The Democrats Abroad Global Presidential Primary is going on NOW and until March 8. You have the opportunity to cast your vote for one of our outstanding candidates and, we think, to select the next President of the United States. We think EVERY American abroad should vote, regardless of how politically active they may be. No one should be indifferent. Here are SEVEN reasons why.
1. It's Easy
If you are an American living abroad who will be 18 years of age and registered to vote on election day 2016, you're eligible to vote... you just need to be a member of Democrats Abroad (if you're not already, you can JOIN HERE). You can vote in person at any of our Voting Centers around the world the first week in March, or, if you can't vote in person, you can use a Remote Ballot, and return it to us via postal mail, email, or even fax. That's how easy it is.
2. It's Official
There have been straw polls and surveys of Americans abroad, but the Democrats Abroad Global Presidential Primary is the only electoral mechanism officially and legally recognized by a major political party. The DNC recognizes Democrats Abroad as an official state party and allows it to send delegates to the Convention. No other political party has an officially recognized and sanctioned division for its overseas members.
3. It's Math
Voting in the Primary lets the Party know how many of us are here, and how seriously we take our right to vote--and the party is obliged to take note. The Democratic Party operates on a principle of Proportional Representation. So, the more people who vote, the louder our voice within the Party, and the greater our ability to lobby on behalf of all Americans living abroad. We already have more delegate votes than Wyoming, but we could do even better. There are in fact more Americans living abroad than there are in Iowa, but the only way we can have even a fraction of the influence that Iowa has is if every American abroad votes.
4. It's Consequential
Sure you could vote in your home state primary. And as long as you don't vote for President in your home state, you could vote in both the Global Presidential Primary and your home state. But we hope you'll vote in the Global. It's all about numbers again. When we go to lobby officials in DC, the first thing they ask is how many people we represent. The best metric is the vote. Only 172,000 Iowans voted in the 2016 Caucus, in a state whose population is about 3.2 million. It is estimated that there are 6.5 million Americans abroad. If a proportional number of Americans abroad voted in the Primary, then we would record about 350,000 votes. The influence of Democrats Abroad within the Democratic Party would increase dramatically. And then we could really get things done!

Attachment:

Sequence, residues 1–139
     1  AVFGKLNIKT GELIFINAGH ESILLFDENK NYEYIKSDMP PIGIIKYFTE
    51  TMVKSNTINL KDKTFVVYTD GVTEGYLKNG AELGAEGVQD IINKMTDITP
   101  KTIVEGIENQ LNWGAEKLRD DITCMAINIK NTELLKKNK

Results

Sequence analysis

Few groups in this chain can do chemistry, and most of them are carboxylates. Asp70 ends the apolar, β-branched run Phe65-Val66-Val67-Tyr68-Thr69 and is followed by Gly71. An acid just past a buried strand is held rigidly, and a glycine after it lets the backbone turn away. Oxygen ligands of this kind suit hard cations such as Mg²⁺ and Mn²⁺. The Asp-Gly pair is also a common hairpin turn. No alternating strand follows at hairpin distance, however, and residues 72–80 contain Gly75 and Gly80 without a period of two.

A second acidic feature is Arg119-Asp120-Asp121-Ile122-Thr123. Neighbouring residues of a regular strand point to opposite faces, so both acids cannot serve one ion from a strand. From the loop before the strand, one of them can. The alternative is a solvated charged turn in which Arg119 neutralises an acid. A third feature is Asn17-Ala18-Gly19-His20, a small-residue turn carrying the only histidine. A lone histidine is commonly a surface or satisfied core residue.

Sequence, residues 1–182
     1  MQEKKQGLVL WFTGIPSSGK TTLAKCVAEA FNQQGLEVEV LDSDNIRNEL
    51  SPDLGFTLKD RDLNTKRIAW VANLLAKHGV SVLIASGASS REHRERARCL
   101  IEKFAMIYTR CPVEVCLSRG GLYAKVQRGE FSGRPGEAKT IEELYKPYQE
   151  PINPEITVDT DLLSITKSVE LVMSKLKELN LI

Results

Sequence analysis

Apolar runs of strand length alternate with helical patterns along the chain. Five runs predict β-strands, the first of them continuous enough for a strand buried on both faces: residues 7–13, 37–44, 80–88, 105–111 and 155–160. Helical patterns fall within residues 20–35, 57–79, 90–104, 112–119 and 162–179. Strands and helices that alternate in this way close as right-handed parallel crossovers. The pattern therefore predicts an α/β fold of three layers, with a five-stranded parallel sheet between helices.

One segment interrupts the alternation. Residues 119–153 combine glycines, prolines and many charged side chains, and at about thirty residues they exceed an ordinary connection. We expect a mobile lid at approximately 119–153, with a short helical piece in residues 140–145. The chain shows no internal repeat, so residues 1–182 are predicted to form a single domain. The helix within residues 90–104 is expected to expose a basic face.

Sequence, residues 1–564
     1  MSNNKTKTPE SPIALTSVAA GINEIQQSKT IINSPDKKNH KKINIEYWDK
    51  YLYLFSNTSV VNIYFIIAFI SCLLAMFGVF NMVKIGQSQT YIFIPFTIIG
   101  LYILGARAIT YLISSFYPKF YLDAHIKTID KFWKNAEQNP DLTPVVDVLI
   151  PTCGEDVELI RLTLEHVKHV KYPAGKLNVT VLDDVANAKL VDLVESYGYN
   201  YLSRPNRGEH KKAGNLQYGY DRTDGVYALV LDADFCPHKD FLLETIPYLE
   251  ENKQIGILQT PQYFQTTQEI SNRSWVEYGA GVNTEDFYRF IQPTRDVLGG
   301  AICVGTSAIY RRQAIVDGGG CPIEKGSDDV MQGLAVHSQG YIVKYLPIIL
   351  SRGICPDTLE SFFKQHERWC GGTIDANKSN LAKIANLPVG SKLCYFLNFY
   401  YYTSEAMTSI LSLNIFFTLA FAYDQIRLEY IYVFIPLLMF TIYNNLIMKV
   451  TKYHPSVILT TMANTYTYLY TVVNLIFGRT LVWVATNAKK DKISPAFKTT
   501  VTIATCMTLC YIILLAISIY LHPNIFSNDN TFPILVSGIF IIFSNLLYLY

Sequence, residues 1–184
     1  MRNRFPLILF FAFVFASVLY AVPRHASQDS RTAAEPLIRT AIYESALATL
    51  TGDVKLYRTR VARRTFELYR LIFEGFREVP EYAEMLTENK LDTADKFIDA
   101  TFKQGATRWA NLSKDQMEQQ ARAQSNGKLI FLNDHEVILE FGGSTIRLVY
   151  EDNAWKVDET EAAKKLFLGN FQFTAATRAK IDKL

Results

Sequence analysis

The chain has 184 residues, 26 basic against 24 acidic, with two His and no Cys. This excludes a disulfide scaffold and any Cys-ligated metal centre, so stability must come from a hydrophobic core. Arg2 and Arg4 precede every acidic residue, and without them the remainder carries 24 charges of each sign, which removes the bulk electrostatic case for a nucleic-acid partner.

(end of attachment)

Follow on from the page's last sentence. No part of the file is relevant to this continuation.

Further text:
5. It's in Your Interest
Americans abroad have a very specific set of issues they face, issues like FATCA, CBT, medicare portability, and voting rights (to name a few). You may not agree with DA's position on every one of those issues (or even none), but we share quite similar goals, and we can achieve them if we all work together. Since Democrats Abroad is the only officially recognized state party and our Primary the only electoral mechanism for Americans abroad, it's in our collective interest to demonstrate that we are a significant and consequential voting constituency. When we express our voices loudly, then, when we go to Washington to lobby in cooperation with other organizations representing Americans abroad, our elected officials will listen. They listen because you vote. If every American abroad votes, there will be a loud, deafening roar.
6. It Creates Change
It will help effect the kind of change we want to see with regard to FATCA and CBT. It may not happen overnight. Twenty years ago, no one thought that marriage equality (let alone a black president) was possible. But by staying loudly and fully engaged in the political process despite sometimes overwhelming setbacks and backlashes, activists made change happen. They did not succumb to cynicism. And neither should you. You CAN make change happen. By voting.
7. It Decides Races
Votes from abroad can make a difference in a race. Senator Franken knows this--the margin of victory in the protracted recount during his first run for office was LESS than the number of Minnesotan votes cast from abroad. The same thing happened to Mark Begich. And John Tester. It's true that these examples do not belie a causal relation, but what they do show is not inconsequential : the vote from abroad can decide races. Control of the Senate will be at stake in November ... But this primary race, NOW, is very close and getting closer every day. Less than 500 votes separated the candidates in Iowa. Your vote could be the one that decides who the nominee is ... and maybe even who the President will be.
8. BONUS : we won't bother you
If you want to vote, you have to join the party. Of course, you can un-join as soon as our results are officially certified, and we'll thank you for having voted. But if you stay with us, and we hope you will, we promise that we won't bother you very much by email, and we'll never, ever share your data with anyone, not even the candidates. Plus, we're kinda cool.
Every American living abroad really should vote in the Democrats Abroad Global Presidential Primary. It's easy to do, it's officially recognized, it gives Americans abroad a stronger and louder voice within the Party, helps us achieve important policy goals that of concern to all of us, and it WILL make a difference.